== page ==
From their wide front porch, Ron and Nancy Collins have watched the rhythms of small-town living.

They greet friends passing by to downtown Franklin’s restaurants and shops. They can see parades and community events as they unfold.

“We like to be upfront, because everyone is walking by. We can visit off the porch, and sometimes people come up to talk,” Ron Collins said.

The Collinses’ historic home has provided the perfect home base in the revitalized downtown area. By refurbishing and improving a house that had been built in the 1880s, the couple have helped save a part of Franklin’s history that had been standing on Water Street for more than 130 years.

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The couple moved to Franklin from Anchorage, Alaska. They both hailed from Edinburgh and after retiring decided to move back to their home county.

Foremost on their minds was finding a sturdy historic home to move into.

“I had always wanted an older home. This area has some of the most beautiful architecture. Living in Alaska, you don’t find old houses like that up there,” Nancy Collins said.

Their search took them throughout Johnson County, but in 2007, they moved into a quaint home in downtown Franklin.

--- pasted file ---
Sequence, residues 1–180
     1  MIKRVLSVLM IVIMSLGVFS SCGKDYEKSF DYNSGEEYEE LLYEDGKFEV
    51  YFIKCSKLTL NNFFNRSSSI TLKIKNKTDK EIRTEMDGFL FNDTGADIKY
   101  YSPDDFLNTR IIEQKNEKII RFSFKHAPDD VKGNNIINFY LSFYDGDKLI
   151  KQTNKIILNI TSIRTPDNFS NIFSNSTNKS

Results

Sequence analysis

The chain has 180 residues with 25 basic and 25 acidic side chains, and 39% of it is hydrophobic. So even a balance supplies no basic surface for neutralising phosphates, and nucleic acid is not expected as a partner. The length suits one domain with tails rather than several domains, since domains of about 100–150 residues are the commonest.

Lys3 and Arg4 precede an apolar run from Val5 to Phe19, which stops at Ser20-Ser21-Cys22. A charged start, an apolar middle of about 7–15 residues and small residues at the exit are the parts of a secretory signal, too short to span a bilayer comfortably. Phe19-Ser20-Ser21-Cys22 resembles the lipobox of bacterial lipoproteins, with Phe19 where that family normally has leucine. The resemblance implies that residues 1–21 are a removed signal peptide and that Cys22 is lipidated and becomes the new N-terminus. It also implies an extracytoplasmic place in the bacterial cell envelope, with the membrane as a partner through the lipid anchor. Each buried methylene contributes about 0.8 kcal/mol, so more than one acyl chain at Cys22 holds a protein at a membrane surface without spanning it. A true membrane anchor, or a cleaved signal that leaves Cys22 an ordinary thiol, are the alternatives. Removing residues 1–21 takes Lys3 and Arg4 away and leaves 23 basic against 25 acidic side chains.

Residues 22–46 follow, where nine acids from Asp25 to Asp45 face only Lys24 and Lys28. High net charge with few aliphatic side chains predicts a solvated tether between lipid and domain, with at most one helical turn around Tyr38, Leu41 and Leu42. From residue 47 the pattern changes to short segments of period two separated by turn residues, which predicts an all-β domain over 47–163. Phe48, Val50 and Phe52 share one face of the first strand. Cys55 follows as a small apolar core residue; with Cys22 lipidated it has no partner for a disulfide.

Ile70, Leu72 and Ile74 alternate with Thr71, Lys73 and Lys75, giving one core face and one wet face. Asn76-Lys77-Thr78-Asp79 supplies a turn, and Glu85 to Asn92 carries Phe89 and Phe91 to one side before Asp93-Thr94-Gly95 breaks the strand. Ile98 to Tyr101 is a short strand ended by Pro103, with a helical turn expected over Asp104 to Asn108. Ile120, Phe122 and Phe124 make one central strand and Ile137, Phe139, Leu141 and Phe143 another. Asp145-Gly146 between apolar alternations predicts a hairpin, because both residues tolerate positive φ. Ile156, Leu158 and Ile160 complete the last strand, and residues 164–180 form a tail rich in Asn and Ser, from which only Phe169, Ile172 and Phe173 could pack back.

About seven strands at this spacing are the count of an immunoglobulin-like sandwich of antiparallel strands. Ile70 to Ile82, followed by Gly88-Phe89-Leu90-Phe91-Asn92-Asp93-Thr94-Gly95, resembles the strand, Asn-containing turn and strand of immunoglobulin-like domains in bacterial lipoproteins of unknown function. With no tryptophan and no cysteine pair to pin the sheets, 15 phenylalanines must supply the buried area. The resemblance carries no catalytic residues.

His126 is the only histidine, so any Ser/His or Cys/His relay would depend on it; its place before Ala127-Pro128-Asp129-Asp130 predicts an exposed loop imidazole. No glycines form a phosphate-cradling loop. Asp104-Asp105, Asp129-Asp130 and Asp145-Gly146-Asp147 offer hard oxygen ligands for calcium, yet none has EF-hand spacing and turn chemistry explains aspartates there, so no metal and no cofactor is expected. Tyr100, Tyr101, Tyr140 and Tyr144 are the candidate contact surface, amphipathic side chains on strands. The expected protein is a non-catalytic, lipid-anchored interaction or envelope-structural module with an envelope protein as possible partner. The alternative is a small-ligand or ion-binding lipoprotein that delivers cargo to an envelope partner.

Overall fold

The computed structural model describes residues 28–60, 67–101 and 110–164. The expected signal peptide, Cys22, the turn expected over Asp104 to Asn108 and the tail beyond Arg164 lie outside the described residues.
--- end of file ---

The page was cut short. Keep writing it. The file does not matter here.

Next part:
The American Foursquare — named so because it contained four boxy rooms per floor — was built in 1880s. The woodwork had not been painted; all the Collinses had to do was clean it when they moved in.

Features such as a wooden built-in cabinet space, which serves as a wet bar and serving area, gave the house a noble atmosphere.

“When you look at as many houses as we did and saw the condition some of them were in, both of us almost wet our pants when we saw this woodwork,” Ron Collins said.

The couple brought some of the Alaskan touches with them to their new home. An intricate circular stained glass piece hangs in the front window. Wilderness-themed decorations are arranged in the living room, back patio and front gardens.

The Collinses have spent considerable time on the exterior of the house, both in the front and the back.

They remade the porch, taking out bad tuckpointing and eventually replacing brick walls going down the steps with wrought iron handrails.

Their “secret garden” hides out back behind a privacy fence, with deck seating and small redbud and maple trees shading a patch of lush grass.

“We’re making a little oasis for ourselves back here,” Nancy Collins said.

At a glance

60 N. Water St.

Owners: Ron and Nancy Collins

Style: American Foursquare

Built: 1880

Author photo
Ryan Trares is a reporter for the Daily Journal. He can be reached at or 317-736-2727.